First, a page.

Finally by the Friday (them having been born on the Monday) when they were readmitted into hospital for the jaundice I was an emotional wreck, totally in pieces. So when the nurse offered to feed them formula (from a syringe) and let me sleep, I grabbed it. I don’t regret that night’s sleep, it gave me back my sanity and strength to be their Mommy but was almost certainly the final nail in the coffin of my milk supply.
On the Sunday morning, once again back at home, I couldn’t understand why Sausage was latching to my breast briefly then pulling back, shaking his head and moaning. I thought maybe my let down was too slow and he was getting frustrated, so I decided to try express to get let down. And there was the evidence… No milk! Almost nothing at all. Yes my milk had come in so this was not the very little of colostrum, I had dried up.
I was devastated but pragmatic enough to get them onto formula immediately and me pumping as often as possible.
And so here we are almost three weeks after that and thanks to some supplements (prolac and fenugreek) and eglynol and an intimate relationship with my fabulous breast pump I manage to express about half their feeds and they are on formula for the rest.
I have tried putting them back on the breast from time to time with mixed success. You see there is one more aspect of breastfeeding the pre-mommy could not have foreseen, the emotional side. When your child cannot or will not get sustenance from you, you feel like a failure. When your child rejects your nipples it feels as though they are rejecting you. Your rational brain knows this isn’t true, but the hormonal emotional side can’t help how it feels. All this resulted for me in each offering of the breast being fraught, scary, stressful and often sad. An emotional and sometimes physical battleground, that of course left me exhausted and the twins stressed. So for now we stick to bottles with as much expressed breastmilk as I can give them.
It’s so not what I wanted, but it’s giving them the best of my breasts that I can. I regularly remind myself when I get down about not exclusively breastfeeding that I do have enough milk for one baby, but two is perhaps just a step too far for my body.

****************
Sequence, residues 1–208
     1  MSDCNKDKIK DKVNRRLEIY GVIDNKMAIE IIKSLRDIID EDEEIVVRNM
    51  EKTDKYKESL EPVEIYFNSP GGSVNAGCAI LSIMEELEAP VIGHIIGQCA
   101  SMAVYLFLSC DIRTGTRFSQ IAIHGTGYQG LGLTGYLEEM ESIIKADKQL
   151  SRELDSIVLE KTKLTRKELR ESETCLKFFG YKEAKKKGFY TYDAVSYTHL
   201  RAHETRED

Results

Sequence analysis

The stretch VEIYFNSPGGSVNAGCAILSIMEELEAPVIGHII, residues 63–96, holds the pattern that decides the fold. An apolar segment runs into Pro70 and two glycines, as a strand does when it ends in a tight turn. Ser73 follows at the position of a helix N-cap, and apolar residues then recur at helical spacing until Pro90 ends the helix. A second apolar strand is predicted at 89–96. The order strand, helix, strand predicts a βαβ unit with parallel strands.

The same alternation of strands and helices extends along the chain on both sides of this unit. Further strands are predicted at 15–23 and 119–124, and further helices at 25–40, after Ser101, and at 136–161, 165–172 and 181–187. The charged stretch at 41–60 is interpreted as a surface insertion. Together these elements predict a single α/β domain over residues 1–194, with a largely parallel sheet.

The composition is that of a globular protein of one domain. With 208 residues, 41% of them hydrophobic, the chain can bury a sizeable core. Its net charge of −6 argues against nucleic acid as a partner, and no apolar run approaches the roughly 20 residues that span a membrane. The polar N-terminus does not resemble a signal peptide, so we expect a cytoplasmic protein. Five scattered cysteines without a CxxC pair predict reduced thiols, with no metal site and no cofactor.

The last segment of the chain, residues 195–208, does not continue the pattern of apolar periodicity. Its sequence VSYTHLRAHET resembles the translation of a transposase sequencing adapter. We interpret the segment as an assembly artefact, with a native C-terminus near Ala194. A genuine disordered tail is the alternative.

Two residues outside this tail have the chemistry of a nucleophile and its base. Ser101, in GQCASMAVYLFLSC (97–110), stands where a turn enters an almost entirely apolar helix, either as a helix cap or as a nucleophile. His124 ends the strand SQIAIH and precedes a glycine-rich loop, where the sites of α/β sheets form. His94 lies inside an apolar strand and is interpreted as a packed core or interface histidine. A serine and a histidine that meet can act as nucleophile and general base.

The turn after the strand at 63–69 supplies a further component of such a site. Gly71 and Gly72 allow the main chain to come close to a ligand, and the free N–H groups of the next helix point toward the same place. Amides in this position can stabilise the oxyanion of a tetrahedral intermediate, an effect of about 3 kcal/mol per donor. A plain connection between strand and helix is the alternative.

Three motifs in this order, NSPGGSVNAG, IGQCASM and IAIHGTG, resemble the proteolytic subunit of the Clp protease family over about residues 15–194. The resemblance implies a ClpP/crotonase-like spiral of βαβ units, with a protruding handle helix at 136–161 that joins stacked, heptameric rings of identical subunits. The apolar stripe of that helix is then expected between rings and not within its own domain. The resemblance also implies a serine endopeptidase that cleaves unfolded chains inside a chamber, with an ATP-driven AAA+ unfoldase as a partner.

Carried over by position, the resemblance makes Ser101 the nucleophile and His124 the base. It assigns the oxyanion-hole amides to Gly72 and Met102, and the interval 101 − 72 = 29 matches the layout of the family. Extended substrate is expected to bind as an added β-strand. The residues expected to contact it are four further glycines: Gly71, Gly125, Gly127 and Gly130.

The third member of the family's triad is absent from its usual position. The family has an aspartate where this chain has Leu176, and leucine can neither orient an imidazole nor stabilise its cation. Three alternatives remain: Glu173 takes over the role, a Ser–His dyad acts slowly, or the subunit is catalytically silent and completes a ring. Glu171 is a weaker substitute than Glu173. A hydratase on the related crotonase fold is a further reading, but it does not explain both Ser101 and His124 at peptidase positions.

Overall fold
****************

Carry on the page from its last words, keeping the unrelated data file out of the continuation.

On the upside my babies are thriving, growing well and happy and contented and mostly sleeping very well. And expressing and bottle feeding has some great upsides; I can get help with feeds, Chris gets to bond with them as he feeds them skin on skin when he is home, we know exactly how much they eat and feeding time is no longer an emotional battleground that leaves me exhausted and emotionally drained.
So to all those out there who are simply doing the best your breasts will allow, give yourself a break you are not alone. And I had a paediatrician tell me straight that while we are told breastfeeding is the most important thing we can do for our kids, actually it is just one of the very many very important things we need to do for our kids. We do the best we can, but formula is probably the most researched food to ensure it is as nutritional as possible and our babies will not end up imbeciles writhing on the floor unable to speak because we gave them formula when we couldn’t give them breastmilk. They can still grow up to be astronauts, rugby players, ballerinas, or whatever they were meant to grow up to be.
I want to end by giving a thank you to a few friends. My rockstar breastfeeding mom who has helped in so many ways, not just support and advice! And my friend in the cyberspehere over at TasIVF (sorry can’t put in the link, still blogging from blackberry) who wrote an awesome balanced post on expressing breast milk, that helped me to gain and keep some perspective. Thanks.